- 0.1 Melilotus offidnalis (L.) Pall. (Fabaceae)
- 0.2 Synonym(s) and related species
- 0.3 Pharmacopoeias
- 0.4 Constituents
- 1 Use and indications
- 2 Interactions overview
- 3 Melilot + Food
- 4 Melilot + Herbal medicines
- 5 Melilot + Warfarin and related drugs
Melilotus offidnalis (L.) Pall. (Fabaceae)
King’s clover, Sweet clover, Ribbed melilot, Yellow melilot, Yellow sweet clover.
Melilotus arvensis Wallr.
Melilot (British Ph 2009, European Ph, 6th ed., 2008 and Supplements 6.1, 6.2, 6.3 and 6.4).
The main active constituents of melilot are natural coumarin and its derivatives, melilotin, melilotol, dihydrocoumarin, umbelliferone and scopoletin, which are formed on drying from the glycoside melilotoside. If spoilage and subsequent fermentation occur, some coumarin derivatives can be transformed into the potent anticoagulant dicoumarol (bishydroxycoumarin). Other constituents present are flavo-noids (including quercetin) and a number of saponins.
Use and indications
Melilot is used mainly to treat inflammation, oedema and capillary fragility.
No relevant pharmacokinetic data for melilot found. For information on the pharmacokinetics of individual flavo-noids present in melilot, see under flavonoids.
Two cases describe bleeding and a raised INR in patients taking a tea and using a topical cream containing melilot, but an interaction has not been established. For information on the interactions of individual flavonoids present in melilot, see under flavonoids.
Melilot + Food
No interactions found.
Melilot + Herbal medicines
No interactions found.
The INR of a patient taking acenocoumarol was increased after she used a melilot-containing topical cream, and a woman who had been drinking large quantities of a herbal tea containing melilot developed a prolonged prothrombin time.
A 66 year old taking acenocoumarol, levothyroxine and prazepam had an increase in her INR after massaging a proprietary topical cream (Cyclo 3) containing melilot and butcher’s broom on her legs three times daily. On the first occasion her INR rose from about 2 to 5.8 after 7 days of use, and on a later occasion it rose to 4.6 after 10 days of use. In another report, a woman with unexplained abnormal menstrual bleeding was found to have a prothrombin time of 53 seconds, and laboratory tests showed that her blood clotting factors were abnormally low. When given parenteral vitamin K her prothrombin time rapidly returned to normal (suggesting that she was taking a vitamin K antagonist of some kind). She strongly denied taking any anticoagulant drugs, but it was eventually discovered that she had been drinking large quantities of a herbal tea containing among other ingredients tonka beans, melilot and sweet woodruff, all of which might contain natural coumarins.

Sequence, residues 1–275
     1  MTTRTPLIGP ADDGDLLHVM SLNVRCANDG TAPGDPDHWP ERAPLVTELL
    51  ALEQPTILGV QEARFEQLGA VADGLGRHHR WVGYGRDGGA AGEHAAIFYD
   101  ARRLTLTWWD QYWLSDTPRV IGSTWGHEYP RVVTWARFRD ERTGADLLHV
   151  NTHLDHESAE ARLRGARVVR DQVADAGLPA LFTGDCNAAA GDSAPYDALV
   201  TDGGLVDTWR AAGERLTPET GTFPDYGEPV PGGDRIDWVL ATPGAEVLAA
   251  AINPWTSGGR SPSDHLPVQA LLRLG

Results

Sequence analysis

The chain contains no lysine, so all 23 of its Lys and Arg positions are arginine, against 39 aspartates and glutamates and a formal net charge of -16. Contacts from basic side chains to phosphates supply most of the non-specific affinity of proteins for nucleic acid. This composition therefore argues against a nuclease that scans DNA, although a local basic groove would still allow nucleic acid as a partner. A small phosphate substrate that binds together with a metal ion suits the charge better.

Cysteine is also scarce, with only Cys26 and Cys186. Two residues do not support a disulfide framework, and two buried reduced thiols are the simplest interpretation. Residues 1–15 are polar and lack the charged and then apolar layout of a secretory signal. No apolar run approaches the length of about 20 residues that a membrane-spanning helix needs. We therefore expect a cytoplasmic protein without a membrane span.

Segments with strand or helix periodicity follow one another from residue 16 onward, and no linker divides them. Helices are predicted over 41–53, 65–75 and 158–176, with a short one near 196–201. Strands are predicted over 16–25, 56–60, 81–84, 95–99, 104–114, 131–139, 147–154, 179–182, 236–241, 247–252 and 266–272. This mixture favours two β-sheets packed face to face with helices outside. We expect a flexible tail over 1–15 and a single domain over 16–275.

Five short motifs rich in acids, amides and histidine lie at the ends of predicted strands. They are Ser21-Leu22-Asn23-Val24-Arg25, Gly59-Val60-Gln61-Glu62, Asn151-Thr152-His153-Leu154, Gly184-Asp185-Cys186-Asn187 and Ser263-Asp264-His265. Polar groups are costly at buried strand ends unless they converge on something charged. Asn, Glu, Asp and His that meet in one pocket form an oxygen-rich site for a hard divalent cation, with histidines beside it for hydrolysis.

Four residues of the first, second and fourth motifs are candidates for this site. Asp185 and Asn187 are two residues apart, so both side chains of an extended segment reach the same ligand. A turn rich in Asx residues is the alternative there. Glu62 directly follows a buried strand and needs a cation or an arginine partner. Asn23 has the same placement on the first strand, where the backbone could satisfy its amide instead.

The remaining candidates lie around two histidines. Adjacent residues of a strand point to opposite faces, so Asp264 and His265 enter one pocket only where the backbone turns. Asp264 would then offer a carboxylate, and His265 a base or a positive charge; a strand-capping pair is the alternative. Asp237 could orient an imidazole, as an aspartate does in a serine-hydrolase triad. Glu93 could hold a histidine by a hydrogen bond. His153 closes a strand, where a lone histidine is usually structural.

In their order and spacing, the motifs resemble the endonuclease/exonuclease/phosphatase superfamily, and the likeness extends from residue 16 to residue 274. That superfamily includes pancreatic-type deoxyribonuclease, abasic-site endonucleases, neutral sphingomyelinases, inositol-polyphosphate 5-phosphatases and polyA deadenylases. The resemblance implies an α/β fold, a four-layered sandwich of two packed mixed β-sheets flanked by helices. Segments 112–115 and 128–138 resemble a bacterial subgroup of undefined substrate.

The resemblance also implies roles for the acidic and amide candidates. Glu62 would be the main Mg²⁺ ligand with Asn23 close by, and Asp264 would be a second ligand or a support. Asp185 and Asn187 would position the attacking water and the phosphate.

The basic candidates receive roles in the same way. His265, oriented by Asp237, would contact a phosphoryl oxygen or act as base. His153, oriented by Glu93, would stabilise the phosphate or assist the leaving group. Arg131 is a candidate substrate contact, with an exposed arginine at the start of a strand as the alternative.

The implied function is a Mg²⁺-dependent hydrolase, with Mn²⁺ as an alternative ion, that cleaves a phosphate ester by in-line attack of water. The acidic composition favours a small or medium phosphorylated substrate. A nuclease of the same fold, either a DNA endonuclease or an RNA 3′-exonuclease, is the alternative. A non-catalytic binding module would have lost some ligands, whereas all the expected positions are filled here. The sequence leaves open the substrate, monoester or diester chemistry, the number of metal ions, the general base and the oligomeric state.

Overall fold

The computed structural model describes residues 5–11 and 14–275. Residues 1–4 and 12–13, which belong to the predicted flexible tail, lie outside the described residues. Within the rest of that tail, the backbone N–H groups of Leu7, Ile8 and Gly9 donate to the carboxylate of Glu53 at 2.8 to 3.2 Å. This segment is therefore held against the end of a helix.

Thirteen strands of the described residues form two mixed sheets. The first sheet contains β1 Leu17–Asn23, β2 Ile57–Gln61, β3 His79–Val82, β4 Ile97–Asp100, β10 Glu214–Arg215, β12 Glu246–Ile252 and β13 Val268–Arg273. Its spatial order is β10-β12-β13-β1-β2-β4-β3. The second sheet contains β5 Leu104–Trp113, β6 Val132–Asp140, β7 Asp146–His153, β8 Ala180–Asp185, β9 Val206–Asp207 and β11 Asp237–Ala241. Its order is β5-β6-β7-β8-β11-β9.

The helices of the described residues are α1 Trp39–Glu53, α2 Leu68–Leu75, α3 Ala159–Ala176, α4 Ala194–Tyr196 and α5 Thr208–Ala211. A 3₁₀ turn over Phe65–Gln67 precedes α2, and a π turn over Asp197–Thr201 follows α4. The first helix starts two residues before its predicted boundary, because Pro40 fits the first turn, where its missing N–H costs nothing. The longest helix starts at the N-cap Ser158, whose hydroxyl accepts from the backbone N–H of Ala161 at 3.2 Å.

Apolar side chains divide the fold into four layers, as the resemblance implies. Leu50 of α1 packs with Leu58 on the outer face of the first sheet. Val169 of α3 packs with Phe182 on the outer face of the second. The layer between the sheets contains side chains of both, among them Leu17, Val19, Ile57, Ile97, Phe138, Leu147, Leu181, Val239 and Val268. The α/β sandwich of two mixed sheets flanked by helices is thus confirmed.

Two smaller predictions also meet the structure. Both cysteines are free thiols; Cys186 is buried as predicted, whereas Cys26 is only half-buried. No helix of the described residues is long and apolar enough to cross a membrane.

No relevant data found.
Unknown. Melilot is known to contain natural coumarins, although these do not possess the minimum structural requirements required for anticoagulant activity. See Natural coumarins + Warfarin and related drugs). It seems that fermentation and spoilage of the melilot by mould are necessary for anticoagulant effects to occur.
Importance and management
Evidence appears to be limited to these isolated cases, which are not established. Many factors influence anticoagulant control, and therefore it is not possible to reliably ascribe a change in INR specifically to a drug interaction in a single case report without other supporting evidence. It may be better to advise patients to discuss the use of any herbal products that they wish to try, and to increase monitoring if this is thought advisable. Cases of uneventful use should be reported, as they are as useful as possible cases of adverse effects.